This all happened in our old house. I think it was near Christmas because the whole family was down. The fire alarm in the hallway right by the front door went off. We filed out to the front of the house like a chain gang; easing our way down the narrow hallway. By the time I reached porch I could already smell the smoke and feel the heat.
Outside the street was deserted. The house next door was on fire. Large flames wrapped around the windows and doorway. My family was just mulling around, shuffling their feet. Most had turned their faces down and away from me. No one was doing anything and I began to panic. I shouted at my mum, "aren't you going to call the fire brigade?". She looked back at me wide eyed - "I don't know their number!". I didn't know what the hell she was talking about. "It's nine-nine-nine you idiot!" I couldn't believe her.
I took my mobile phone out of my pocket and dialled the emergency number. Someone picked up on the other end almost instantly.
"Hello. I need a fire engine. The house next door is on fire." I said nervously.
"Certainly. What is your address?" I could feel my mouth closing up. I felt like I was shrinking and I couldn't get any air out. When I did finally express myself it was extremely quiet. I whispered our address but I was sure the woman on the other end had not heard me correctly. Her voice also diminished to the point where I could not hear her.
"Yes. Yes. Thank you," she whispered.
I hung up and stared back at my family. They continued to shuffle around the tarmac with their heads down. "Fuck It", I thought. I'm not going to stand around and watch all my shit get burnt down. There was a small brick firewall in between the two roofs and the fire hadn't reached our building yet. I could at least save my laptop. It would only take two seconds to run up the stairs and back down. Then at least I could save my dissertation work and a number of other things. Providing the smoke hadn't reached my room maybe I could even save my cello.
I looked over to my Mum. She was still staring at me wide eyed. I told her I was going to go and get my laptop before the fire reached our house. She began to get hysterical. She told me that she wasn't just going to let me go running into that fire and kill myself. She said I wasn't a fucking super hero and that family is the most important thing - all those material things don't matter.
I tried to push past her and get into the house but she struggled to hold me back with all her force. I relented. My heart wasn't in it.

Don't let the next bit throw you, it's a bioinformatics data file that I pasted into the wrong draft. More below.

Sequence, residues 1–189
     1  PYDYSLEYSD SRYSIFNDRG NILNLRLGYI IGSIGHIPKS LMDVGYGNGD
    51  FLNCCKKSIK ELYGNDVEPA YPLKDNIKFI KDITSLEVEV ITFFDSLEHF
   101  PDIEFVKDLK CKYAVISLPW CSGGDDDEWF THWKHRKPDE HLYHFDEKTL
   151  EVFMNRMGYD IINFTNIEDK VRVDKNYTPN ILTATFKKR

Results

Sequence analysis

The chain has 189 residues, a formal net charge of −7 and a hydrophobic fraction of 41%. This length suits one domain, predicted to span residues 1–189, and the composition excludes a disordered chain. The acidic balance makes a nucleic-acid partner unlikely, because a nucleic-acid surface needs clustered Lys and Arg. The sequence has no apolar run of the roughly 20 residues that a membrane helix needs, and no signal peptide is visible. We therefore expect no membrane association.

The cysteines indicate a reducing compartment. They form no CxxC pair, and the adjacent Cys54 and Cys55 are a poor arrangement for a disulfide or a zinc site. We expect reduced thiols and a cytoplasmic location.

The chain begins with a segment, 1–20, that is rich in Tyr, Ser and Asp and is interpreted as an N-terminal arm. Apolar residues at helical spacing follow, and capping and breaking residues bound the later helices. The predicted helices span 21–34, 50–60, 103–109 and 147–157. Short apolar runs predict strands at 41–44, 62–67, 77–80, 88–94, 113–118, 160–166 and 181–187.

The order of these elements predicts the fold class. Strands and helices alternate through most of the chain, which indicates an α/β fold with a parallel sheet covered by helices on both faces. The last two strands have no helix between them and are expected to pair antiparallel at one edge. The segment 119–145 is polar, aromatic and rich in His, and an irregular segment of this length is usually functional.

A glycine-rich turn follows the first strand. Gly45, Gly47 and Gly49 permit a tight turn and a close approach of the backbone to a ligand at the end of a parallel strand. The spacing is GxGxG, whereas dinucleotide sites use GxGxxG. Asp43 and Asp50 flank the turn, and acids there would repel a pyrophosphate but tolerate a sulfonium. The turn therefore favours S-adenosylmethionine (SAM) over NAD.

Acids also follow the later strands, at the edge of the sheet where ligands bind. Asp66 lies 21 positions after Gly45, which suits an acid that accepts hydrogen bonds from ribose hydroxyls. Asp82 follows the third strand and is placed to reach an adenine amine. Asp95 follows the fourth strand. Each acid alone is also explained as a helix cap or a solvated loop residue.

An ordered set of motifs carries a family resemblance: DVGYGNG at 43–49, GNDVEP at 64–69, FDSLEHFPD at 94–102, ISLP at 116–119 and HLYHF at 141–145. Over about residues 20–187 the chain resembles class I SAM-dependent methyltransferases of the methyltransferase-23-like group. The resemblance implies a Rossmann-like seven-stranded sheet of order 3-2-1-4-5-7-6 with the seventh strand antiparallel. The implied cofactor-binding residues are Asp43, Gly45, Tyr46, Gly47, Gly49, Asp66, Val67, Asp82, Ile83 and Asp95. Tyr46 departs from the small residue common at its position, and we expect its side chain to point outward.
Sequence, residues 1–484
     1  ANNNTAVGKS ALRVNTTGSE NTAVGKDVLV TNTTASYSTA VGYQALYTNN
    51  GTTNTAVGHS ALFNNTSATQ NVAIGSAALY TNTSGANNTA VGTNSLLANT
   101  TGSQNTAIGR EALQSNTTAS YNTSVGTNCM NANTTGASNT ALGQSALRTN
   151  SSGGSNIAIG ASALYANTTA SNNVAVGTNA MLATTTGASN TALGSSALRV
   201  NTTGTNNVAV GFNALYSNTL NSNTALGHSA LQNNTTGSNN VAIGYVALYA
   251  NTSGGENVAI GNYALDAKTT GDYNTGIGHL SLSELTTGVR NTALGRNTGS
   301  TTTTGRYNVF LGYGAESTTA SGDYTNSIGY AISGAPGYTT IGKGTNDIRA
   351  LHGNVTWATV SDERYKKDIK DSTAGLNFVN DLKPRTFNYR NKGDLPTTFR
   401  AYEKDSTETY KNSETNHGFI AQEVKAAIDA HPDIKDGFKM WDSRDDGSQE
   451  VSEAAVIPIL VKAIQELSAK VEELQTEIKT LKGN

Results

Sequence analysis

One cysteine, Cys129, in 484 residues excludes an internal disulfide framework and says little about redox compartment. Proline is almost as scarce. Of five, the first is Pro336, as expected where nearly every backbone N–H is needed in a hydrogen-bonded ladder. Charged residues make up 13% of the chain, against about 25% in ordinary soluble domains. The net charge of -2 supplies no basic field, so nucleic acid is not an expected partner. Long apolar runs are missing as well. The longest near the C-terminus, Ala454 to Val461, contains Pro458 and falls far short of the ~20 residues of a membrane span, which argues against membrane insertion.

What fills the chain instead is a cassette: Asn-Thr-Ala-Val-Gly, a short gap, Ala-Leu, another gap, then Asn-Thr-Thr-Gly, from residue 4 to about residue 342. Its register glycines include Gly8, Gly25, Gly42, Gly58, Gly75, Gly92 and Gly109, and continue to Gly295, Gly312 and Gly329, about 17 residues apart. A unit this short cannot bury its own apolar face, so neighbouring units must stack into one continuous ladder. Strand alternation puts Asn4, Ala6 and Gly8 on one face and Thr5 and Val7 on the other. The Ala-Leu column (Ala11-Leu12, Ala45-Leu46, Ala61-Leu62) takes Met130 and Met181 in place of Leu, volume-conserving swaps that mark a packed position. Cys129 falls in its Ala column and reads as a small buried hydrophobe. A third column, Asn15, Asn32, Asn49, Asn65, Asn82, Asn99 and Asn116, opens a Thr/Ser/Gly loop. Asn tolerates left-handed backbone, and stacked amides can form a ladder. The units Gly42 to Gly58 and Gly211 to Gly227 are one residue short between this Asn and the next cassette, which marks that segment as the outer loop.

So I went and sat down on the pavement and gazed up at the burning house with the rest of my family. Looking down our road to the right I could see the cars and trucks go past on the main road. Several ambulances rushed past with their sirens off. I was still worried that the person on the phone had not heard me correctly. A police car, also with it's sirens off, turned sharply onto our road and accelerated down it. I jumped off the curb and waved my hands at it, trying to signal it over. The car just drove right past me. The policeman in the car had waved me off with a look as if to say they were very busy and didn't have the time to help.
I sat back down on the pavement and looked toward the main road again. Ambulances, cars and trucks continued to pass in what seemed like a repeating pattern. None of them had the sirens on and there was no sound of the fire engine. After another few minutes another car swerved onto the road. This time it was small car with ambulance or medic markings on it. Again I jumped out into the road and waved my arms. I placed myself right in the middle of the road so whoever it was would have a hard time driving right past.
The car pulled over and someone got out. It was a tall man in medic gear with a brown moustache. He walked over toward me and I began pointing toward the fire, asking if he could help and if he had any contact with the fire brigade. He calmly looked me over and sighed. He told me that it might not seem like it but him and his guys were doing a lot of work behind the scenes to keep everything turning over. He said that there wasn't anything immediate he could do to help and that he was very sorry but he had to be getting on his way.
Again I was dumbstruck and I fell silent in protest. The tall man got back into his car and pulled away.
I felt exhausted. I gave in. It was just the house anyway. I sat tight with the rest of my family and watched it burn.